Shreya Bhattacharya
ABOUT THE AUTHOR
Shreya Bhattacharya
A labor and employment lawyer at Replicon who specializes in global compliance. Replicon provides award-winning products that make it easy to manage your workforce. Replicon is an industry leader in global compliance and has a dedicated team which pro-actively monitors international labor regulations for ensuring proper adherence with specific country rule requirements.
Get started today.
Set up a free trial based on your business needs. Start Free Trial

Voices Project management, all grown up

accountingToday | September 17, 2019 By Scott Bales Vice president, Enterprise Solution Engineering and Delivery, Replicon One might assume they already know everything a project manager in a professional services…Read More

Global Compliance Desk – Vietnam

New Draft Version of Vietnamese Labor Code Released A new draft of the proposed Labor Code has recently been released by the Ministry of Labor, War Invalids and Social Affairs (MOLISA).…Read More

Global Compliance Desk – Netherlands

Employment Law Changes 2020 What’s New: The Dutch Senate adopted new legislation to bring the labor market into balance effective January 1, 2020. The new legislation aims to reduce the…Read More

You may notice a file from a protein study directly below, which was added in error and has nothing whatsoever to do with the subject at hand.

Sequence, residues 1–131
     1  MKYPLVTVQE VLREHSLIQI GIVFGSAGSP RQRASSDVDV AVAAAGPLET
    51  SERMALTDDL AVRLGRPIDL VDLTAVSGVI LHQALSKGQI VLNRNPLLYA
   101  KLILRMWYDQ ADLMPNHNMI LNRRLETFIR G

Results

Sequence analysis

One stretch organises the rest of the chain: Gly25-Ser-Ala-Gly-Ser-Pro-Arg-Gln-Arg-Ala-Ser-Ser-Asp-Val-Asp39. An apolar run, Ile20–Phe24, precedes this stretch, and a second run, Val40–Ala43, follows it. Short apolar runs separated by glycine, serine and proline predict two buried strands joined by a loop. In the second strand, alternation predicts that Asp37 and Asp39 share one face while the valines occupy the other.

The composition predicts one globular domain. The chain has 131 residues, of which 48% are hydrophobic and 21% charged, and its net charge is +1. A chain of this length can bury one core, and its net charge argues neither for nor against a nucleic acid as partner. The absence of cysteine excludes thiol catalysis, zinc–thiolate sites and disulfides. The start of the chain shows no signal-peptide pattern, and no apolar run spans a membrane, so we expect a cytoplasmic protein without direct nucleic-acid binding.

Seven critical ways to achieve global project success

There was once a time when managing a project at work was fairly straightforward. Everyone was in the same location, or at most a mere phone call away. You’d set…Read More

Time and Attendance Orientation Guide

In a growing business, the day will eventually come when managing time and attendance on paper becomes both inefficient and risky, especially when trying to balance things like overtime, paid…Read More

Using shared services? These five technologies are a must

As organizations continue to scrutinize operating costs and look for areas to drive efficiencies, shared services centers (SSCs) are a no-brainer. The concept of a multi-function SSC has been around…Read More
  • Cloud
  • In The News
  • Corporate
  • Professional Services Management
  • Project and Program Management
  • Shared Services Management
  • Time and Attendance Management
  • Workforce Management
  • Customer Feature
  • Feature Update
  • Time Intelligence
  • Industry News
  • Webinar Recap
  • Global Compliance Updates
  • Chat with us
    How can we help you?